Kartje: Right coach, system can change trajectory of an NFL QB’s career


The jersey sits in an upstairs room in his home near the Rams’ facility. Inscribed inside the jersey’s number is a message that Sean McVay, the team’s first-year head coach, holds dear. “I owe you my career,” it reads.

The jersey is from Kirk Cousins, Washington’s quarterback and McVay’s former protege. Under McVay, Cousins went from a fourth-round surefire career backup to leading the NFL in completion percentage in just one season. With Cousins, McVay showed the NFL that he might be the league’s next offensive mastermind.

As Washington’s offensive coordinator, McVay had a knack for understanding Cousins’ strengths and amplifying them in his gameplans. Cousins threw for nearly 5,000 yards in his final season with McVay, and in his first without him, Cousins stands to make almost $24 million. Next spring, when he’s likely to hit the open market, he’s likely to yield one of the largest free agent contracts in NFL history. Without McVay, it’s possible – likely, even – that none of that would have come to fruition.

It’s the sad reality about NFL quarterbacks. The toughest position in sports is so difficult to master that merely being drafted into the wrong situation, with a staff that doesn’t understand how to develop you, can doom a career. And as more young quarterbacks make the switch from college spread offenses to pro-style NFL ones, it’s as crucial as ever that they’re surrounded with coaches who understand how to navigate such a transition.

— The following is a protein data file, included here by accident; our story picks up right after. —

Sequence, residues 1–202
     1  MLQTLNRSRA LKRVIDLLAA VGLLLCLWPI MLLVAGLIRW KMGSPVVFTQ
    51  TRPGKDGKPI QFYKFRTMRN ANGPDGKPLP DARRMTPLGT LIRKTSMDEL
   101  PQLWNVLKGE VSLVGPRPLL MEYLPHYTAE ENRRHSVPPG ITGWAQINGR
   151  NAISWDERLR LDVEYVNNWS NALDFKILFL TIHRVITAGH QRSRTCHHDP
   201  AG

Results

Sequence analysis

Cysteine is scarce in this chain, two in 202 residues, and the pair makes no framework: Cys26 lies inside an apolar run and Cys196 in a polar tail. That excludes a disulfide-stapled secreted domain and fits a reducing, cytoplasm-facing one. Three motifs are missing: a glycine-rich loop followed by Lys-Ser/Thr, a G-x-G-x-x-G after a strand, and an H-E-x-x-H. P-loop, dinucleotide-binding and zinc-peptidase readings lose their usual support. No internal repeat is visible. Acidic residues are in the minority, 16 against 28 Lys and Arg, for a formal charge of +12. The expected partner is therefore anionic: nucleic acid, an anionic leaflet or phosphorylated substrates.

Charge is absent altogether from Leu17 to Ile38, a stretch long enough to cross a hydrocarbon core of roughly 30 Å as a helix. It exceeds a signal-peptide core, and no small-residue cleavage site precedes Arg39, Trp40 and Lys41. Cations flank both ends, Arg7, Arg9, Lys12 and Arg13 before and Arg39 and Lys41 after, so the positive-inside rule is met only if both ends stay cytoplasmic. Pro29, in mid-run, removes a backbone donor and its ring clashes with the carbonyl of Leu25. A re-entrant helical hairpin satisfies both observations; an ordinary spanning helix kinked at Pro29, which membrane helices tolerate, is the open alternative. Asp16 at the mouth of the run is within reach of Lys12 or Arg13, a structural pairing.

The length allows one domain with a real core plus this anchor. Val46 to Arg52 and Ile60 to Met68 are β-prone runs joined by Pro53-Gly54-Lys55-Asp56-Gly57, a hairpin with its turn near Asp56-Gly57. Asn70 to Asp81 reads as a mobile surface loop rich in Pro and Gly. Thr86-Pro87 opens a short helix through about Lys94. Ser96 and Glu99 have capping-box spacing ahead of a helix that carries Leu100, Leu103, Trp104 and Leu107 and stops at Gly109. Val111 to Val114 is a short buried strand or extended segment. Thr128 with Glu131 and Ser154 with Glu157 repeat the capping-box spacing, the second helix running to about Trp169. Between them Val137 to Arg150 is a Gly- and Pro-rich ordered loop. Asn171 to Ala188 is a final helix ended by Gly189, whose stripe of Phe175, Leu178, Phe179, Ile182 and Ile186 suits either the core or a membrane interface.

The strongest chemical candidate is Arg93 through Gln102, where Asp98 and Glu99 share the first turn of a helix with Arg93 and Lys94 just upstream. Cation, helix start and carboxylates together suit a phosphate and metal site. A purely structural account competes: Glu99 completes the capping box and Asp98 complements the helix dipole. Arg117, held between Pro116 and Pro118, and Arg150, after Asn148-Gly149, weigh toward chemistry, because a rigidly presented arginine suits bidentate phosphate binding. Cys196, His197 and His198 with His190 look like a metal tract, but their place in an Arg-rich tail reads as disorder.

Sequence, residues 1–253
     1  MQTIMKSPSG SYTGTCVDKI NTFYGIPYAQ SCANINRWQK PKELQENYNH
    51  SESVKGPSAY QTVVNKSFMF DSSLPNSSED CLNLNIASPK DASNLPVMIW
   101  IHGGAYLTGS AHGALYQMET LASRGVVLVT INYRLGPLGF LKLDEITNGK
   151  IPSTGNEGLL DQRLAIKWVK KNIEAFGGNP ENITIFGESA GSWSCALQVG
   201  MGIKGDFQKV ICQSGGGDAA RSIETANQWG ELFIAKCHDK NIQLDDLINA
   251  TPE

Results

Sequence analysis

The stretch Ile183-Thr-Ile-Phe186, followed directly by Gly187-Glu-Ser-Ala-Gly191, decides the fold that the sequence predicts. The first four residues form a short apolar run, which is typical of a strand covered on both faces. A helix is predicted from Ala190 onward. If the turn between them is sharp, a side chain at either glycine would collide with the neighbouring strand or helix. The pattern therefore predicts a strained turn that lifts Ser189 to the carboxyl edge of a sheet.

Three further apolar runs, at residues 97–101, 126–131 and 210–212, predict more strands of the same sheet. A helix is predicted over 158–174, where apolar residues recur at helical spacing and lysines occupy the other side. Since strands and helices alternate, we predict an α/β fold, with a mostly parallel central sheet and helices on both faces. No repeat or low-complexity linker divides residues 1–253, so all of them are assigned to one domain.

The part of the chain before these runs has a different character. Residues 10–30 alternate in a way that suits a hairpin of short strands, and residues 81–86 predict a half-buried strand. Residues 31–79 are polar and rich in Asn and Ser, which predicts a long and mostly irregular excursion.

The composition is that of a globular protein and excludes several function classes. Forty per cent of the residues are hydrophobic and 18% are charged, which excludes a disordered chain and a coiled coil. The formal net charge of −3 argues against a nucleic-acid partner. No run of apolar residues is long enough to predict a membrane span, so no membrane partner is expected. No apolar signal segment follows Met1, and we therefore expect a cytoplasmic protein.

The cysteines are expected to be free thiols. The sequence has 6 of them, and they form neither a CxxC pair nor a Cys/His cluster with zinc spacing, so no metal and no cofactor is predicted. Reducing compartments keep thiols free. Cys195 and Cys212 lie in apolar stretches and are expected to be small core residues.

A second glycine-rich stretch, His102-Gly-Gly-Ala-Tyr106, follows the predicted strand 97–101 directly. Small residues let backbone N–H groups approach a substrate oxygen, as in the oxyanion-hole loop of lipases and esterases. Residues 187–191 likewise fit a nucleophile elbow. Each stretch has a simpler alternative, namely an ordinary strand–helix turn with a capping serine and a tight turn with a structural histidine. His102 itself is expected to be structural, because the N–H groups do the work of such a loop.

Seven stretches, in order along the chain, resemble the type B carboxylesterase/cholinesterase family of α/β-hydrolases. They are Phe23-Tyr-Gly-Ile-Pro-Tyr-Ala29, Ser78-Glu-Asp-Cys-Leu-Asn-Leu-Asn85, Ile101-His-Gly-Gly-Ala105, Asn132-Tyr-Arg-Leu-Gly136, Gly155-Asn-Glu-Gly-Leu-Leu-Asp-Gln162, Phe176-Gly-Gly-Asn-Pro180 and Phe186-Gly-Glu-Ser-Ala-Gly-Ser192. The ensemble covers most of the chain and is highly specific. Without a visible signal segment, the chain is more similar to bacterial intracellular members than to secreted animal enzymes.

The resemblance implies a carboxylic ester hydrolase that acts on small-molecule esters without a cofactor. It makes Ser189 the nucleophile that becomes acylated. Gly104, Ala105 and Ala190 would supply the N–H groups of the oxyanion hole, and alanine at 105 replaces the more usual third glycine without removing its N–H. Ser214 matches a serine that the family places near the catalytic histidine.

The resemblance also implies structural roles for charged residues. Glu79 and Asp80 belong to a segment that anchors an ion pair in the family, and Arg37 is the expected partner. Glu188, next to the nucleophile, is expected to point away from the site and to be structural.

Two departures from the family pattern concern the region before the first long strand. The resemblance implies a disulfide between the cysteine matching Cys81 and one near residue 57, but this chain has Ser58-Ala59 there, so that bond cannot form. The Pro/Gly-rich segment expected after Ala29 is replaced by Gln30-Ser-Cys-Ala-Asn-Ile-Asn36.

Talk of a quarterback shortage has been looming for years, as front offices across the NFL continue to decry the lack of pro-ready signal callers declaring for the draft. Before the draft in 2015, Rams general manager Les Snead said the lack of pro-ready options at the position would mean “doomsday, if we don’t adapt and evolve.”

These statements from concerned coaches and front office executives almost always shift blame elsewhere, either to the college game or the college coaches and players, themselves. Rarely, however, do irritated NFL personnel acknowledge that too many of them and their fellow coaches are either ill-equipped when it comes to developing modern quarterbacks or too inflexible to adjust their schemes to their skillset.

Dak Prescott, last year’s NFL Offensive Rookie of the Year, came from a spread offense at Mississippi State and translated that to tremendous success in his first NFL season, thanks to the job Jason Garrett and his staff did…



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